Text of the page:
Memo Reveals Federal Regulators Knew About GM Ignition Switch Flaw But Did Not Act

On Sunday, a House subcommittee released a memo that reveals the National Highway Traffic Safety Administration (NHTSA) decided not to open an inquiry into the ignition switch problem in a number of General Motors cars although their 2007 investigation showed four fatal crashes possibly linked to the problem and more than three dozen other complaints.

The faulty ignition switch, used in Chevrolet Cobalts, Saturn Ions, and other GM models, if bumped or jostled, can move out of the “run” position, shutting off the car’s engine and disabling the air bags. Despite mounting reports of engine shut-offs and air bags not deploying, NHTSA decided again in 2010 not to investigate. In addition, the memo revealed that GM approved the faulty switch design in 2002 even though Delphi, the manufacturer, warned that the switch did not meet specifications, The New York Times reports.

Rep. Fred Upton, chairman of the House Energy and Commerce Committee said in a statement, “The problems persisted over a decade, the red flags were many, and yet those responsible failed to connect the dots.” In preparation for Tuesday’s hearing, the House committee gathered more than 200,000 pages of documents from GM and 6,000 pages from NHTSA, according to the Times. Mary T. Barra, GM’s chief executive, and David Friedman, acting NHTSA administrator, are scheduled to testify before the House committee on Tuesday and on Wednesday before a Senate panel. Because neither Ms. Barra nor Mr. Friedman held their current jobs during most of the period in question, their testimony might not establish how the critical decisions were made.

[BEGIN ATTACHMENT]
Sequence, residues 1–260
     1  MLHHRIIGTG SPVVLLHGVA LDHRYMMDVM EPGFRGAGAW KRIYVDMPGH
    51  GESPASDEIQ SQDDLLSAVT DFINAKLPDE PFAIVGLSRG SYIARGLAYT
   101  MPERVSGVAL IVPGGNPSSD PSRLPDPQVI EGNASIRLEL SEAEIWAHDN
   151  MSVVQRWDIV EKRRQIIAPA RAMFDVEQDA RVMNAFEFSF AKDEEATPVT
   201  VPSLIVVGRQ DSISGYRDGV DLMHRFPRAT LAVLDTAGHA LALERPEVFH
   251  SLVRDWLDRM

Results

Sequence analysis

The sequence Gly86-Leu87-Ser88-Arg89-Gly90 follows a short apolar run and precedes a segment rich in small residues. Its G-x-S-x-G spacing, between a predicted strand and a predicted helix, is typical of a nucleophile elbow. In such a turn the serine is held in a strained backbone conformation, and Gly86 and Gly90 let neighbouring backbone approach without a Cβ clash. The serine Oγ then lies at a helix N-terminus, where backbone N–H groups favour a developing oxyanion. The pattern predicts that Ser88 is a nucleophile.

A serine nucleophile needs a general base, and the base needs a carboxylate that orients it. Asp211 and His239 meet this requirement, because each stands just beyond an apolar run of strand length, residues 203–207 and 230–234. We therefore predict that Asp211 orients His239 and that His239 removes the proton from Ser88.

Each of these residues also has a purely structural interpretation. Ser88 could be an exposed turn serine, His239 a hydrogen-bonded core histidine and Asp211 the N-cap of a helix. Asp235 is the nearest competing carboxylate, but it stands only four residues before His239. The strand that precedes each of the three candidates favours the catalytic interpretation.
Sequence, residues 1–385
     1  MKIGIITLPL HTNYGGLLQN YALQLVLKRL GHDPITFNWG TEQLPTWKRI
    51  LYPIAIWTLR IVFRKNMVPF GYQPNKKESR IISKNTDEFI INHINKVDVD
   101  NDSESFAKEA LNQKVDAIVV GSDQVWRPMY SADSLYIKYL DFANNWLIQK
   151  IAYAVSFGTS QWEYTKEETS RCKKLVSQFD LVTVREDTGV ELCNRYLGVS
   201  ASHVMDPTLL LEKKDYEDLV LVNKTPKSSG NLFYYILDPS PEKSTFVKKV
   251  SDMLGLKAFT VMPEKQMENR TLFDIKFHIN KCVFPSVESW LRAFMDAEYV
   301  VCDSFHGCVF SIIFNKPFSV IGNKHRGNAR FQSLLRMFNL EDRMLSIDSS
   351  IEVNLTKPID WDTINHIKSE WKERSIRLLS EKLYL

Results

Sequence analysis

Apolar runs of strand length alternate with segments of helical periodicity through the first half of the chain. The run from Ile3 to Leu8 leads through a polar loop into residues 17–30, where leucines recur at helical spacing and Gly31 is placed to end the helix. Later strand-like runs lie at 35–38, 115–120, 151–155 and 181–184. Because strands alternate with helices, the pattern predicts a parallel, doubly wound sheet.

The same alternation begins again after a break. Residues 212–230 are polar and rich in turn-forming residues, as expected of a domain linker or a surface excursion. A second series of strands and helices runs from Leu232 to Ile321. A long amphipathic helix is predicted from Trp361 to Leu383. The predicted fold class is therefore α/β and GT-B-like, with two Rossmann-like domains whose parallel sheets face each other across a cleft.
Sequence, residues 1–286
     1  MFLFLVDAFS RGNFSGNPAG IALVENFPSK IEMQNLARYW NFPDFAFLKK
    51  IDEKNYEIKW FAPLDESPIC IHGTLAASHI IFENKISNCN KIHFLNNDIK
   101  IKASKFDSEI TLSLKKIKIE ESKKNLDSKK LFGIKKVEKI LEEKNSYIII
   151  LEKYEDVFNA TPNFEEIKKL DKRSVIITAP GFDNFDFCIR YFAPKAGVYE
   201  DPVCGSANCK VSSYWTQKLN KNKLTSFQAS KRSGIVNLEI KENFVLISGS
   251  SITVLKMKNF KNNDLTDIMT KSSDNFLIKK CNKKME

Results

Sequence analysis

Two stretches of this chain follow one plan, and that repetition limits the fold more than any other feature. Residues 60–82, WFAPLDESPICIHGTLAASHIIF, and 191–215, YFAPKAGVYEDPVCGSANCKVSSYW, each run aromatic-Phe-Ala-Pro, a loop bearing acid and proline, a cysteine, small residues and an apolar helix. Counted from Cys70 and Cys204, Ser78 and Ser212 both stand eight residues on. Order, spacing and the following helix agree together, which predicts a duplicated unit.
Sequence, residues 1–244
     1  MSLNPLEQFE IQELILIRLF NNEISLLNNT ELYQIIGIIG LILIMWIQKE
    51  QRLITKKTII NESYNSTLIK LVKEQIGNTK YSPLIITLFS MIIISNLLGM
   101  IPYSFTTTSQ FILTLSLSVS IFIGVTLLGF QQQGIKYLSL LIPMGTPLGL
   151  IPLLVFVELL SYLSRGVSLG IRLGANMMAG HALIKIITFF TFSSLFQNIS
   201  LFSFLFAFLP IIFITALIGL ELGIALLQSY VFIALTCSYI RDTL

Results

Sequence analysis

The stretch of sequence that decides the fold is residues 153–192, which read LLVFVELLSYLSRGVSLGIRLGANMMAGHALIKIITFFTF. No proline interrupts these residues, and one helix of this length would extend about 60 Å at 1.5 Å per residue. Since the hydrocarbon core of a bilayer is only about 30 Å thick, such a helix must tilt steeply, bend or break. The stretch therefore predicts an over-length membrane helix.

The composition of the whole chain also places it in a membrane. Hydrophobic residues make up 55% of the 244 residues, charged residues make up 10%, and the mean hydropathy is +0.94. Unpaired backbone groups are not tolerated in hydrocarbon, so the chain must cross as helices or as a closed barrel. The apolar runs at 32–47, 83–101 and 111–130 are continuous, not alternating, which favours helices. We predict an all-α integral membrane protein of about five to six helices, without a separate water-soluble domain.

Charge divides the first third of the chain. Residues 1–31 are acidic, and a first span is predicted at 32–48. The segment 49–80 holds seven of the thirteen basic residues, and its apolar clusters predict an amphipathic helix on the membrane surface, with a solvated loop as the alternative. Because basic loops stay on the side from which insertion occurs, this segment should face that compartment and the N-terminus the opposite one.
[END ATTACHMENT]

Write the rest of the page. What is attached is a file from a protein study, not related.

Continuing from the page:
Both GM and NHTSA are accused of ignoring or dismissing warnings about the faulty ignition switch for more than a decade. Beginning last month, GM has recalled nearly 2.6 million cars and has acknowledged that 13 deaths are linked to the defect. The recall stood at about 1.6 million cars until Friday, when it was expanded to cover vehicles that might have been repaired with defective switches, the Times reports.

Though NHTSA has said over the years that it did not have enough evidence to warrant an investigation, the Times says the agency has investigated other safety issues on far less information, as for example, a 2012 probe of a possible Hyundai air bag problem after just one injury report. That investigation resulted in the recall of 190,000 vehicles.

Earlier this month, the Times published an analysis showing that since 2003 NHTSA had received more than 260 consumer complaints about sudden shutdowns, but never opened a broader investigation.

 

 

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